Parents' Guide to


By Scott G. Mignola, Common Sense Media Reviewer

age 12+

1970s shark horror tale still has scare factor.

Movie PG 1975 125 minutes
Jaws Poster Image

A Lot or a Little?

What you will—and won't—find in this movie.

Community Reviews

age 11+

Based on 99 parent reviews

age 13+

This movie doesn’t have that much violence but it’s still intense there is moderate language but it isn’t to much for young teens this is how I rank blood some blood fair amount of blood lots of blood tons of blood plenty of blood and then stuff like very bloody extremely bloody violence 6%10 early in the movie someone is eaten there’s lots of blood little boy is eaten some blood a dead body emerges from a sunken ship and i think you might see his eye plucked out some one is eaten blood coming out of his mouth shark shot huge explosion and blood spatters I now there’s moderate language but I don’t remember the words this is how I rank language some language moderate language frequent language lots of language tons of language constant language and this movie also has some sex sex 3%10 a girl gos swimming naked but I don’t remember seeing anything bad and there’s also some kissing thanks for reading my review my next review will be for jaws 2
age 12+

Terrorized my 6 year old

I feel like a terrible mom. I let my 6 year old watch this and he has seen Jurassic Park and other adult movies so I thought this would be ok. I had forgotten how gory it was. The scene where they went scuba diving and saw the dead guy absolutely terrorized my son, I’ve never seen him scared like that EVER and he cried after that scene. I felt so bad and mad at myself. My husband and I took turns with him because he couldn’t sleep that night. Anyways not okay for small kids :(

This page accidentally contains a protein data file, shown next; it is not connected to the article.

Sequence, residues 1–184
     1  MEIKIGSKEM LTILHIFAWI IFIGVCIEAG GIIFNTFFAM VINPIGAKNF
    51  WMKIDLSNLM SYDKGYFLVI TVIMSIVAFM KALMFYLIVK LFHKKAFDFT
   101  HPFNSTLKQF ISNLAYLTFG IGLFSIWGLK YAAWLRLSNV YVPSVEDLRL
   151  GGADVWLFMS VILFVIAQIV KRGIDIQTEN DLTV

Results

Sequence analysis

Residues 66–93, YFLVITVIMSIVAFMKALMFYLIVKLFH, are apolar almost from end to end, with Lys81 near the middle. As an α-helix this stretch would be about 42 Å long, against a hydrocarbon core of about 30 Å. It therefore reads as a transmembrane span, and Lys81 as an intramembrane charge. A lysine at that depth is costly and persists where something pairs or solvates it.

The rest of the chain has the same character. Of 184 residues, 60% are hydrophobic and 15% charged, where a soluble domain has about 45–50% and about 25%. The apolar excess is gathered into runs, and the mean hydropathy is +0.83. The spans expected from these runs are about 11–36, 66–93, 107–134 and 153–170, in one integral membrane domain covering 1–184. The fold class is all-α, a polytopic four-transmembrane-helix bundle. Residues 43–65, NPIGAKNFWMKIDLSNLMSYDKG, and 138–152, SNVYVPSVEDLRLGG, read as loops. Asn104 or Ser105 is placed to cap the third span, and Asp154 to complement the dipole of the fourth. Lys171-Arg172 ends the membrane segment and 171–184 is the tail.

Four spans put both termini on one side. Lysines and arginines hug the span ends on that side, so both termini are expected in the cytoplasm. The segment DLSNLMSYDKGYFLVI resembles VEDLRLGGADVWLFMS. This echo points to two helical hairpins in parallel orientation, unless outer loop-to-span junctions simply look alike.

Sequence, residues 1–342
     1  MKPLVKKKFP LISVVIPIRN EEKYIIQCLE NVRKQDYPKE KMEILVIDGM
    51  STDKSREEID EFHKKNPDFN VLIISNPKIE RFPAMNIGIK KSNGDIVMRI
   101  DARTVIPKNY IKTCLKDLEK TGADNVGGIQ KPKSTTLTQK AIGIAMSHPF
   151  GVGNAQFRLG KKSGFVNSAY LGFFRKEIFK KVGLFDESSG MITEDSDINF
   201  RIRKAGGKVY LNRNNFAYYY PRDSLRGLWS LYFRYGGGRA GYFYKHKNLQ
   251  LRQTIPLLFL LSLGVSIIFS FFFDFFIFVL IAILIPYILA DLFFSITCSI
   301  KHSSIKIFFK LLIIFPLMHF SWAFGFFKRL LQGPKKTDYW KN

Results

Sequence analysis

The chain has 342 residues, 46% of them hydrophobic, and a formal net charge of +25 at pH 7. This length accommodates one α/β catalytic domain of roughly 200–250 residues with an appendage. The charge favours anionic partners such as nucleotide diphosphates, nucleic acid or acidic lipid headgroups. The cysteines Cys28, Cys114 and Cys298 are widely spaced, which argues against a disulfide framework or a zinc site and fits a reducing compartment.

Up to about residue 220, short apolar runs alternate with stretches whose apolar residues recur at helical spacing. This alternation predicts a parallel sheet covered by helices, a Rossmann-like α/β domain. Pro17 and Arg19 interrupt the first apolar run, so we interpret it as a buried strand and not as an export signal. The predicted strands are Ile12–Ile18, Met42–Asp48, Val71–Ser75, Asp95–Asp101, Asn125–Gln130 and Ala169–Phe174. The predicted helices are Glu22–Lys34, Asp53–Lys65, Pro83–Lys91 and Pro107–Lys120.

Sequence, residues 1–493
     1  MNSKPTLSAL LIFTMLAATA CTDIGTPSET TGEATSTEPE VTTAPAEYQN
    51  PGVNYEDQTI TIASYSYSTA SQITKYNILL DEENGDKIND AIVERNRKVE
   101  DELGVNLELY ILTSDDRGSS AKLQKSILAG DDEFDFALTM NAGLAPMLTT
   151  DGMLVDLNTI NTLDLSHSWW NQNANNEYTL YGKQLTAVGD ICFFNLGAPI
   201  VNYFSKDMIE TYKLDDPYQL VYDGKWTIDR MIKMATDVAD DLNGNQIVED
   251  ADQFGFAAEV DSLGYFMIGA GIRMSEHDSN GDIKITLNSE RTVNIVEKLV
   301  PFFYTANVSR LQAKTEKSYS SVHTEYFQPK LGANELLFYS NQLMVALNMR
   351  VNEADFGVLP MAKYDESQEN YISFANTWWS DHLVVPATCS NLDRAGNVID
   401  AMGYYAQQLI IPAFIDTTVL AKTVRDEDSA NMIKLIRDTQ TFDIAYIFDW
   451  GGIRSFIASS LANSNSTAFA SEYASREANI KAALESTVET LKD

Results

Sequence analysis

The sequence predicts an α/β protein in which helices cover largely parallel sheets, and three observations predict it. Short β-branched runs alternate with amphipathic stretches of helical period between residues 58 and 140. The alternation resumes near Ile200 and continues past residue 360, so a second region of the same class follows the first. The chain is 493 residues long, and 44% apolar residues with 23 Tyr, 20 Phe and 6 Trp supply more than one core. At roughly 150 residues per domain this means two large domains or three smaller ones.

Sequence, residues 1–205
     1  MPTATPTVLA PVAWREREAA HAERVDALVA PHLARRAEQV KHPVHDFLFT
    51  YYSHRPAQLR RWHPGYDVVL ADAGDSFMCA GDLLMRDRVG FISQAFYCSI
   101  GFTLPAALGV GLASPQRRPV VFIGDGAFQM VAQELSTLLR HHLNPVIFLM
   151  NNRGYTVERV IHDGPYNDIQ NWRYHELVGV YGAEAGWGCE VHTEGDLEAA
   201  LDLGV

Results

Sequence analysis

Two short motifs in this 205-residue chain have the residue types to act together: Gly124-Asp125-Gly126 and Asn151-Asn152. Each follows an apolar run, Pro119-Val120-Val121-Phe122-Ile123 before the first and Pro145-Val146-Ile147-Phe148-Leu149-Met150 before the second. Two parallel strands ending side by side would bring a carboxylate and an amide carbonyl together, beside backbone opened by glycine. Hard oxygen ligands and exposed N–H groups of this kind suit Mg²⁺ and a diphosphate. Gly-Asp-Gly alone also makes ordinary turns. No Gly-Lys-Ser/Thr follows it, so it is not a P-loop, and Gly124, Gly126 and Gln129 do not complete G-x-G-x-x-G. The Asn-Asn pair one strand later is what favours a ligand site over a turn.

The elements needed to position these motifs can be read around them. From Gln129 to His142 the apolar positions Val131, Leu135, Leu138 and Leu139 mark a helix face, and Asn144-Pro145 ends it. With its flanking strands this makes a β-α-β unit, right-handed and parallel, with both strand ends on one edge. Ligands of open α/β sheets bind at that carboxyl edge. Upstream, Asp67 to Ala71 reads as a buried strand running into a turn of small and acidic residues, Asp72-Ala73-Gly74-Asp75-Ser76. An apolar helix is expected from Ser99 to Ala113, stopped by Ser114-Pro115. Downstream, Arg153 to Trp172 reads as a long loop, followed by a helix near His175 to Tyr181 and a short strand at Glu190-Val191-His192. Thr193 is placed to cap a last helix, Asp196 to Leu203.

Is It Any Good?

Our review:
Parents say (99 ):
Kids say (460 ):

This film remains a horror classic that effectively transcends the genre and the time in which it was released. Though Jaws is one of Steven Spielberg's early films, his adept building up of the tension -- heightened by the now almost universally known two-note "shark attack" music provided by John Williams -- shines in both the shark attack scenes and in the spaces in which the story and the characters have room to develop. Even with a shark that doesn't look terribly realistic by today's standards, the film still delivers suspense and terror and is a textbook study on how to escalate tension for maximum payoff.

In terms of the acting, the chemistry between Scheider, Dreyfuss, and Shaw is still a delight to take in. But the movie does feel dated due to its entirely White cast and cliched female characters. Nevertheless, at the time of its release, it was the highest-grossing box office movie of all time and it continues to remain a pop culture staple.

Movie Details

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